Communication- Basic Skills and
This pamphlet is part of a series on dementia-related diseases. This series was prepared
by Kenneth Hepburn, Ph.D., Geriatric Research, Education and C1inical Center
(GRECC) of the Department of Veterans Affairs Medical Center, Minneapolis,
Communication means getting across what you really mean and having another person
really understand it. This is not always easy under the best circumstances.
Communication with a person who has a dementing illness will be even harder The
disease will impair the person's ability to understand words, to find words to use, and to
put ideas together and hold them in place.
Loss of the ability to communicate with others may frustrate the patient with
Alzheimer's disease. The person may feel cut off from you and others. He or she
may feel a loss of control over things. This, in turn, may make the person feel
less secure and more anxious or jumpy.
Problems in communication may pose special problems for you, the caregiver.
As a caregiver, you are concerned with providing companionship, ensuring the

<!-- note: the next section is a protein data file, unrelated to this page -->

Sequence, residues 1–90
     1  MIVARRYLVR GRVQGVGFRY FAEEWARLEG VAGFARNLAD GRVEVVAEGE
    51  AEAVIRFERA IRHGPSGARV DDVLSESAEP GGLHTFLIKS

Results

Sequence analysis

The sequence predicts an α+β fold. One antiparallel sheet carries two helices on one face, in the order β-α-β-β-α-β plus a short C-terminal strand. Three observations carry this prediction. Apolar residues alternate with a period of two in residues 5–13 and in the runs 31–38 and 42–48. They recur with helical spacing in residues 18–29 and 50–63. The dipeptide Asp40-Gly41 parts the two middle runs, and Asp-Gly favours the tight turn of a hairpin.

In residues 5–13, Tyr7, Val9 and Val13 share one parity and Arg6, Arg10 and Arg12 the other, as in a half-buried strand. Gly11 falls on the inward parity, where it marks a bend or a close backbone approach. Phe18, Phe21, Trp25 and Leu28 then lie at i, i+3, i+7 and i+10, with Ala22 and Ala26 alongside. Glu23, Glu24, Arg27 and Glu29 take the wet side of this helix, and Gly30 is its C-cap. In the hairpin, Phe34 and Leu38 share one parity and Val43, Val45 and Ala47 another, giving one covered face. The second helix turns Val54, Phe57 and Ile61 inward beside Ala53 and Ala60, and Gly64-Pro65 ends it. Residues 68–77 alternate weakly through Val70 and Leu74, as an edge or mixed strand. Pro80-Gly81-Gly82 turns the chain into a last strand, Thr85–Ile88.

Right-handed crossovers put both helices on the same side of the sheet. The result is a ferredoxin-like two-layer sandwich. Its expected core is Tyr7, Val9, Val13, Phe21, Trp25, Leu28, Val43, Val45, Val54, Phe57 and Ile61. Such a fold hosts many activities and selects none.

patient's safety and managing the daily routine. Communicating as well as you
can with the impaired person is very important to you in meeting these care
As the caregiver for a person with a dementing illness, you will need to be
aware of the person's changing and lessening abilities. You will become an
expert in figuring out the impaired person's communications. You will need to
judge when the person is or is not fully getting what you and others say. You
may well have to set up new ways of communicating with the person.
You will have to be mindful of safety. A person who cannot understand or
remember safety warnings runs an increased risk of self-injury and even of
injuring others. You must be alert to any problems such as vision or hearing loss
which might further impede communication. Finally, as the person becomes less
able to use good judgment, you will need to make all decisions for him o